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Q & A: Alberta could feel impact of Saskatchewan court decision

May 16, 2017 Gordon Thomas, ATA Executive Secretary

Question: How will the recent court decision regarding Catholic school funding in Saskatchewan affect Alberta?

Answer: The decision of Justice Donald Layh of the Saskatchewan Court of Queen’s Bench (all 230 pages) has made quite a splash across Saskatchewan and Alberta. The commencement of the legal action is interesting in and of itself. A public school board, faced with low and declining enrolment, closed its K–8 school in Theodore, Sask., with the expectation that the school’s 42 students would be bused 17 kilometres to the neighbouring public school. A group of Catholic parents petitioned to establish a Roman Catholic separate school system, which had not previously existed. As a result, a Roman Catholic separate school system was formed, the closed school was purchased by the new Roman Catholic separate school board, and the new Catholic system opened its school.

When the school reopened, 13 of its 42 students were Catholic. As a result, the public school board (Good Spirit School Division No. 2014) commenced legal action against the Roman Catholic separate school board (Christ the Teacher Roman Catholic Separate School Division No. 212) and the province of Saskatchewan, arguing that it was unconstitutional for the Saskatchewan government to provide funding to the Roman Catholic separate school board for non-Catholic students. The decision is known as “Good Spirit.”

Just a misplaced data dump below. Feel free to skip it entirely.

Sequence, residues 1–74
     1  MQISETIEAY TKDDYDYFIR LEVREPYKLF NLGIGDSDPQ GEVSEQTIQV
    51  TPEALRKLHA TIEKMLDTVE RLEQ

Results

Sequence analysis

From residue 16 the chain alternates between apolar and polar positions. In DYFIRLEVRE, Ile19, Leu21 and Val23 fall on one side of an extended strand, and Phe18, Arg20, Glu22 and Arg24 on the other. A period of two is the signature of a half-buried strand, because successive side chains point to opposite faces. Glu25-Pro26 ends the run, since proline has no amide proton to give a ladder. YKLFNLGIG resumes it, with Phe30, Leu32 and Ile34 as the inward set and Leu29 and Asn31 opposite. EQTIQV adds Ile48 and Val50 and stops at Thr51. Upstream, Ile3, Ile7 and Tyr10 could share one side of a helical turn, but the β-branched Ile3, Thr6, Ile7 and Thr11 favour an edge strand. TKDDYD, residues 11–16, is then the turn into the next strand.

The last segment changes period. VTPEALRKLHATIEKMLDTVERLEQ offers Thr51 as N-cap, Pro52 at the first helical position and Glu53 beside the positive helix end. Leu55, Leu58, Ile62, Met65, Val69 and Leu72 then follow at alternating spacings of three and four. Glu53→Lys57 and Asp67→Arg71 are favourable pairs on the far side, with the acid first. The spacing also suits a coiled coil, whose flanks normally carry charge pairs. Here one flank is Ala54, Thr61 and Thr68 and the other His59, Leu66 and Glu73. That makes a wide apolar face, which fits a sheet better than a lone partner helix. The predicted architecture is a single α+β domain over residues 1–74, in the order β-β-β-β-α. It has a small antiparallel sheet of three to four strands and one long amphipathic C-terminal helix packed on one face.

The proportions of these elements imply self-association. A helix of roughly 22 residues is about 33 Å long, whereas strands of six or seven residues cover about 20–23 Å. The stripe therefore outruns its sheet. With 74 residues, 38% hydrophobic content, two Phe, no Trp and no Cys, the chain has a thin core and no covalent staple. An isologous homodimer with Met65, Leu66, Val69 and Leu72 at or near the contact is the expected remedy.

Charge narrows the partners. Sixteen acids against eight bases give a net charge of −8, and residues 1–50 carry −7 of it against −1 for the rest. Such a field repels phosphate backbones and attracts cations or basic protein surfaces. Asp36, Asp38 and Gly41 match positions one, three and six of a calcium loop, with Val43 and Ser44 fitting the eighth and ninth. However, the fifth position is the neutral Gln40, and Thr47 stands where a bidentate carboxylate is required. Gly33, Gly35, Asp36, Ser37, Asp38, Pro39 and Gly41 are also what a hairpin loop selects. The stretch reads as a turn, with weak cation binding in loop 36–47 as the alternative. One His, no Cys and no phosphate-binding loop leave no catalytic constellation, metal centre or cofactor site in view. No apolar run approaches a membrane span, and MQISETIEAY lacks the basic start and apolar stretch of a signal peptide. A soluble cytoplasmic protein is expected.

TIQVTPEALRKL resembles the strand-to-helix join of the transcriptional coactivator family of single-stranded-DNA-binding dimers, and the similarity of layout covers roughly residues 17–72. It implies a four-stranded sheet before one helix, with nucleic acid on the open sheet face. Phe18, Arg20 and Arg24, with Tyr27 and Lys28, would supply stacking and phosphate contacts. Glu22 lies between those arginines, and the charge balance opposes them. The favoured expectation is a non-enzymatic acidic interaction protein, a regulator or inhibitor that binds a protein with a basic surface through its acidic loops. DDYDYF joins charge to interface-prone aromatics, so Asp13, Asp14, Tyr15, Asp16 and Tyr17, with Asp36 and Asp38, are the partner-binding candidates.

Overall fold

Justice Layh determined that the funding of non-Catholic students in a Roman Catholic separate school system was not a denominational right. At the time of admission to Confederation in 1905, Saskatchewan did not fund Roman Catholic schools for non-Catholic students and the concept would have been at odds with the stated motivation behind the creation of separate school boards, which was to separate children of the minority faith from the majority. (It should be noted that a separate school board could be Roman Catholic or Protestant.)

Layh did conclude that funding non-Catholic students violated Charter guarantees of freedom of religion and the right of equality. The state effectively violated its duty of religious neutrality by endorsing a particular religion by funding dissemination and evangelization of the Catholic faith to non-Catholics.

Further, Layh found that providing funding to non-Catholic students in a Catholic system did not treat members of other religious faiths equally. Catholic school systems could receive full funding for non-adherents but other faith-based schools would have to charge tuition and would be less able to attract non-adherents. In considering whether these violations could be justified in a free and democratic society, Layh rejected any arguments around parental choice and noted that society is increasingly diverse, with an increasingly complicated mosaic of religious and non-religious traditions. He declared the sections of Saskatchewan legislation that provide for funding non-Catholic students in Catholic school boards unconstitutional and, given the extensive repercussions of his decision, delayed the application of his declaration until June 30, 2018.